eval $(echo $holding  \        awk -F\ '{print "name=\"""\"; ticker=\"""\"; hold=\"""\""}') 

Within the subshell, awk parses a line from the portfolio database, splitting it into three fields, and then outputs them in name = value format. Then the call to eval , within which the awk call is contained, forces the script to evaluate the awk output as if it were entered directly into the shell. For example, for the Apple holdings in the portfolio shown in the next section, the subshell result would be

 name="Apple Computer"; ticker="AAPL"; hold="500" 

Once evaluated by eval , the three variables name , ticker , and hold would then actually be instantiated with the values specified. The rest of the script can then reference these three values by name, without any additional fiddling.

Running the Script

The getstock script isn't intended to be run directly, though given a stock ticker symbol, it'll return the current trading price. The portfolio script requires a separate data file that contains stock name, stock ticker symbol, and the number of shares held. Here's a sample of how that might look:

 $  cat ~/.portfolio  # format is company name, ticker symbol, holdings Apple ComputerAAPL500 Cable & WirelessCWP100 IntelINTC300 Jupiter MediaJUPM50 eBayEBAY200 MicrosoftMSFT200 QualcommQCOM100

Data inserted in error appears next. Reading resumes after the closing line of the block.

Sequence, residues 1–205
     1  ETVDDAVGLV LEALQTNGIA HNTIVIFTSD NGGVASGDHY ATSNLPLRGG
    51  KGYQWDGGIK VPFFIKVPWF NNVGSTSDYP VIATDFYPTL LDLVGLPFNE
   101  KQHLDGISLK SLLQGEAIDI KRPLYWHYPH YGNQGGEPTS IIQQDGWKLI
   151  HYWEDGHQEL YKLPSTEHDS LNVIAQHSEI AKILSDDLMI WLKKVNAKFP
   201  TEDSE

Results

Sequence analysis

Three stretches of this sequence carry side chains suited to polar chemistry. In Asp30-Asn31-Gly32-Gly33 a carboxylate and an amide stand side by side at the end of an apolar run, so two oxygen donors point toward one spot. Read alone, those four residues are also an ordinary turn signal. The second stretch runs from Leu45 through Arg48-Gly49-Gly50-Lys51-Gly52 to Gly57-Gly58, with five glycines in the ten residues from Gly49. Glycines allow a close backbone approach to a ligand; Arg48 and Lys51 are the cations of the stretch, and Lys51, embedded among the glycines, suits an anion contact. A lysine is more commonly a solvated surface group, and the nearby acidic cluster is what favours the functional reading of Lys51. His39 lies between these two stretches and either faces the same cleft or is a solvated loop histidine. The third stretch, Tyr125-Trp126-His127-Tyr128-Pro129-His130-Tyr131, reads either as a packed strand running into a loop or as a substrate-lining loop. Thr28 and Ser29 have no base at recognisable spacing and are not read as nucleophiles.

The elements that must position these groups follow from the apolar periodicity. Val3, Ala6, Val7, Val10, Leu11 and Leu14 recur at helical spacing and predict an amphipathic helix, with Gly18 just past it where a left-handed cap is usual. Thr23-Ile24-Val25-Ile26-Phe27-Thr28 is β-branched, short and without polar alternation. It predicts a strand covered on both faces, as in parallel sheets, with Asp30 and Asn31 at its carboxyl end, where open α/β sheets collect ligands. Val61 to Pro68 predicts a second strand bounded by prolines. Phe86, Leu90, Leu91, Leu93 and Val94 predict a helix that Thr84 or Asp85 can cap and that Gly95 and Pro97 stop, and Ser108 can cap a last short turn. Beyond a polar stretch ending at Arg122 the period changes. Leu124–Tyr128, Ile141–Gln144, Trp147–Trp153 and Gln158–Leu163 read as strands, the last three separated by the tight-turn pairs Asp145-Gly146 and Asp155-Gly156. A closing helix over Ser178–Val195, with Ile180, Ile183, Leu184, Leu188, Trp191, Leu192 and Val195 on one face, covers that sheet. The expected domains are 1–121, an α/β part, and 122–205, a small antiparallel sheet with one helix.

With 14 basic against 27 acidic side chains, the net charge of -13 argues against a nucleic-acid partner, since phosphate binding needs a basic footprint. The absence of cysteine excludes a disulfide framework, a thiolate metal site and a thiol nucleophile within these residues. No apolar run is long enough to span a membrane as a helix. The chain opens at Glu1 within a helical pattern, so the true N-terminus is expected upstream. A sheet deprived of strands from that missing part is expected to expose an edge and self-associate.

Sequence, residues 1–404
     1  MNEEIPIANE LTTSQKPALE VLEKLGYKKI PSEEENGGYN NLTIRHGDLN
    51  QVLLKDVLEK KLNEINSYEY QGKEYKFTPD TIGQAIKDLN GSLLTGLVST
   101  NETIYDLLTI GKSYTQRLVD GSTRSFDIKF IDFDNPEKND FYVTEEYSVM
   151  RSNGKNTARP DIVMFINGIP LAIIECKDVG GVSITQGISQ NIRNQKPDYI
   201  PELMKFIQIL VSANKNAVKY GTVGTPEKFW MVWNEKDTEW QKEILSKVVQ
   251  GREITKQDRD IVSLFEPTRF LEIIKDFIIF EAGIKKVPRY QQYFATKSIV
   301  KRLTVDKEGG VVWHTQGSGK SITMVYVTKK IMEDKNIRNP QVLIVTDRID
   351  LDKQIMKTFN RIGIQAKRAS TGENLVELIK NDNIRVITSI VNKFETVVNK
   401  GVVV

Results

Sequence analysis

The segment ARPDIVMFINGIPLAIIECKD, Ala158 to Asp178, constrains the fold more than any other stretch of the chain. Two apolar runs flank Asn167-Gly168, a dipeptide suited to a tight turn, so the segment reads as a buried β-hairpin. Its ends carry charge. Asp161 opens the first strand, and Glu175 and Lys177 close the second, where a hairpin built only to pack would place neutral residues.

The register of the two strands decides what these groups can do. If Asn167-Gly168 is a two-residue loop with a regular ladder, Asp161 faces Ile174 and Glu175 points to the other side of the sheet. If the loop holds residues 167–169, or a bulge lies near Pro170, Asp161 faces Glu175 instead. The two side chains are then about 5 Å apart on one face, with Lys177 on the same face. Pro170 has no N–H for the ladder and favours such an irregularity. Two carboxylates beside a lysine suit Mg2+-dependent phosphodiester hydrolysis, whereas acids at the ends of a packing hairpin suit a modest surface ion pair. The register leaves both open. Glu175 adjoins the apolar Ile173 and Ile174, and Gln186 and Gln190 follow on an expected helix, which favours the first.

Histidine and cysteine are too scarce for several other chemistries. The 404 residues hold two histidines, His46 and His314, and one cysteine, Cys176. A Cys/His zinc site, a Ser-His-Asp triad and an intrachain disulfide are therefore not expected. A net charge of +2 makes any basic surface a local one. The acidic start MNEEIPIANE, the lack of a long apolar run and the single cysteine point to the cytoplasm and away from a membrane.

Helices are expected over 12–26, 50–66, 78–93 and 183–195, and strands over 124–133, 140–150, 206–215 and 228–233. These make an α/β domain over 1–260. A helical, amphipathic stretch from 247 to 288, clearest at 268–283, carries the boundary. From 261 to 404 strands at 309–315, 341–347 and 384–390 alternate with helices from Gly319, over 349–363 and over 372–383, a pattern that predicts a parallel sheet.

The Results

 $  portfolio  Apple Computer is trading at 22.61 (your 500 shares = 11305.00) Cable & Wireless is trading at 5.63 (your 100 shares = 563.00) Intel is trading at 28.59 (your 300 shares = 8577.00) Jupiter Media is trading at 3.95 (your 50 shares = 197.50) eBay is trading at 55.41 (your 200 shares = 11082.00) Microsoft is trading at 26.52 (your 200 shares = 5304.00) Qualcomm is trading at 41.33 (your 100 shares = 4133.00) Total portfolio value: 41161.50 

Hacking the Script

Obvious areas for improvement would be to add support for overseas exchange holdings, to allow dynamic lookup of ticker symbols by specifying specific stock names , and ” if you're a real gambler who can handle seeing your occasional losses ” to include the original purchase price for each stock as a fourth field in the portfolio file and then compute not only the current portfolio value but the difference in value against the original purchase price of each stock in the portfolio.




Wicked Cool Shell Scripts. 101 Scripts for Linux, Mac OS X, and Unix Systems
Wicked Cool Shell Scripts
ISBN: 1593270127
EAN: 2147483647
Year: 2004
Pages: 150
Authors: Dave Taylor